Vestibular physiotherapy involves the assessment, diagnosis and management of disorders of the vestibular system.

The vestibular system is made up of the fluid-filled vestibular labyrinth of the inner ear and neural connections. It provides our brains with information about motion and the orientation of our heads in space. Imagine a bowl of water, move it in one direction and the water effectively moves in the opposite way. This is what happens in our inner ear every time we move our heads. Sensory information from the vestibular system, along with information from the eyes, muscles and joints, is processed by our brains, enabling us to balance, stabilise our heads and maintain postures.

Disorders of the vestibular system can result in the following symptoms:

  • Dizziness  (feeling of light-headedness)
  • Vertigo (feeling of the room spinning)
  • Poor balance
  • Tinnitus (ringing in the ear)
  • Hearing loss
  • Brain fog (lack of clarity of thought)
  • Nausea
  • Cognitive changes (difficulty thinking)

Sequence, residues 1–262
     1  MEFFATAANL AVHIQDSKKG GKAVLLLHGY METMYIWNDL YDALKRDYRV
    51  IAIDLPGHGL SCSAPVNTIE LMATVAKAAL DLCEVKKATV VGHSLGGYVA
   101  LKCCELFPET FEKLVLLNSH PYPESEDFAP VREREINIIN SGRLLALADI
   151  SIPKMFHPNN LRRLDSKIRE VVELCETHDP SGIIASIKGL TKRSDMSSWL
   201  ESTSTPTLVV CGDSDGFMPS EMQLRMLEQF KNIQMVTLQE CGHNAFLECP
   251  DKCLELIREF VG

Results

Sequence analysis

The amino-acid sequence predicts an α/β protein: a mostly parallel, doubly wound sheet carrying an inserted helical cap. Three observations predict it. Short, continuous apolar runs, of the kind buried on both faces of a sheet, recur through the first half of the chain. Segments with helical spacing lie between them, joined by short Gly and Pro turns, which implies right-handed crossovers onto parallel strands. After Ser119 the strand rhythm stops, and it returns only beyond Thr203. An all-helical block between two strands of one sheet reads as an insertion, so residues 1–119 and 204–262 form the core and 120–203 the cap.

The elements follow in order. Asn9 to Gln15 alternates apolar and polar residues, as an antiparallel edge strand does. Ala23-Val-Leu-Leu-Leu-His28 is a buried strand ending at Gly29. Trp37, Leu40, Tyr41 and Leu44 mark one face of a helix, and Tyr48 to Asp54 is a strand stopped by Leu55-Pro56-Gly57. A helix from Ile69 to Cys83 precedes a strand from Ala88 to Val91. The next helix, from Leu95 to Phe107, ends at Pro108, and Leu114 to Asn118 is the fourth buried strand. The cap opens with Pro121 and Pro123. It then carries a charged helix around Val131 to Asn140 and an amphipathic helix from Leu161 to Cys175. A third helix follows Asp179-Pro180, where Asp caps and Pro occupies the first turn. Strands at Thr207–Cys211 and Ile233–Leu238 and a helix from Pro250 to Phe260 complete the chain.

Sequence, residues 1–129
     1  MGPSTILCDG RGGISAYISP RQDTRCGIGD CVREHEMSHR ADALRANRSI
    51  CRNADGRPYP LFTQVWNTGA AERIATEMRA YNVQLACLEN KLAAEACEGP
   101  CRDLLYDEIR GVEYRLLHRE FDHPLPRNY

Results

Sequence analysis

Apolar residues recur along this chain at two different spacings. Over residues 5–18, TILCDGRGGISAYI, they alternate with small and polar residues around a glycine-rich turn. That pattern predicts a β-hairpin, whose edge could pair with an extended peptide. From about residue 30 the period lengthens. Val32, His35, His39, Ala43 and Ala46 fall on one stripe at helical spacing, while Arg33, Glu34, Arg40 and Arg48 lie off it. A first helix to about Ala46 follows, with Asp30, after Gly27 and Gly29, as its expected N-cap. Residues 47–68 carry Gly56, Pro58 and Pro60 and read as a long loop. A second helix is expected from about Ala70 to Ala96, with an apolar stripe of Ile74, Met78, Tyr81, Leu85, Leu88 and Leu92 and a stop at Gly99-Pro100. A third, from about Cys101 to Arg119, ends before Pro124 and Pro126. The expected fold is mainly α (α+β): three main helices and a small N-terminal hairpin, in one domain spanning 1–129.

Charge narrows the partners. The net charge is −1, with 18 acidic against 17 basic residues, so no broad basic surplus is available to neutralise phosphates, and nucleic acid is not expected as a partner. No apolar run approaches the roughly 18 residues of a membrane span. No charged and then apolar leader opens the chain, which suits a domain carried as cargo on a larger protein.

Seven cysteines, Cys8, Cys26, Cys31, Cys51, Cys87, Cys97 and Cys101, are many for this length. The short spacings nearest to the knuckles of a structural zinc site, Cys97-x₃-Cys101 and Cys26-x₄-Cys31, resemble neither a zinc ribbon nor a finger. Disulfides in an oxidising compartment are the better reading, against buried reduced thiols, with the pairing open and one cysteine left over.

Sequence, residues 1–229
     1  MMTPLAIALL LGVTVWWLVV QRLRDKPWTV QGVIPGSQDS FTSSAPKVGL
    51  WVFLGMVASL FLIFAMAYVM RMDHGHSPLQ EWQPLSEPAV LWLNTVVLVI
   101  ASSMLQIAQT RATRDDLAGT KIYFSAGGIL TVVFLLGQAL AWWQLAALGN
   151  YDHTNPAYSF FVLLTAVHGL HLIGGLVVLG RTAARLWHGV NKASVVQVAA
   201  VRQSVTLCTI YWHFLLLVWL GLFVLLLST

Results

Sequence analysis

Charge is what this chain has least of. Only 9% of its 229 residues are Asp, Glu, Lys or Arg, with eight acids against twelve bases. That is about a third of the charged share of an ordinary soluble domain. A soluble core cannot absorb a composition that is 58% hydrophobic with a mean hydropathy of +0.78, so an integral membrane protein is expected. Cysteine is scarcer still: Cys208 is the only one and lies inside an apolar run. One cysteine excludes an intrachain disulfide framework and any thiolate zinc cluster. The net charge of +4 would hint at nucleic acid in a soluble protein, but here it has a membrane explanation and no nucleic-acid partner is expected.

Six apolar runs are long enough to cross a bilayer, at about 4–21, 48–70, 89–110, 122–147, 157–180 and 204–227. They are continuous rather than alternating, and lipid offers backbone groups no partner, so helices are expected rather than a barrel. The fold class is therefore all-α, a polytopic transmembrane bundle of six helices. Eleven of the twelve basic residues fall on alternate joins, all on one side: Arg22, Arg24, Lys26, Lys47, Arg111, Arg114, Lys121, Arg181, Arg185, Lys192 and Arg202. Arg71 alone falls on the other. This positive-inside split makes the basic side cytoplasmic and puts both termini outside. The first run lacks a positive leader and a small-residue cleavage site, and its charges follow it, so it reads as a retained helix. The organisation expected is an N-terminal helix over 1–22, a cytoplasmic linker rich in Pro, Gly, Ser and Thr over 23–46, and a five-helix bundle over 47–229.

Diagnosis of vestibular disorders requires a thorough examination, involving:

  • History of symptoms
  • Eye movement examination
  • Positional testing
  • Balance tests
  • Motion sensitivity tests

The information gleaned from the examination forms the basis of a treatment plan, tailored to the individuals’ goals.

Physiotherapy management of vestibular disorders involves specific positional treatments and balance retraining, which have been proven to reduce the symptoms and improve quality of life of those who suffer from vestibular disorders.

A vestibular physiotherapist can also assist GPs and specialists such as ear, nose and throat surgeons with diagnosis and treatment planning.









Author: Jenna Clements, physiotherapist at All About Physio with a special interest in vestibular disorders What is vertigo? Vertigo is not a diagnosis, […]

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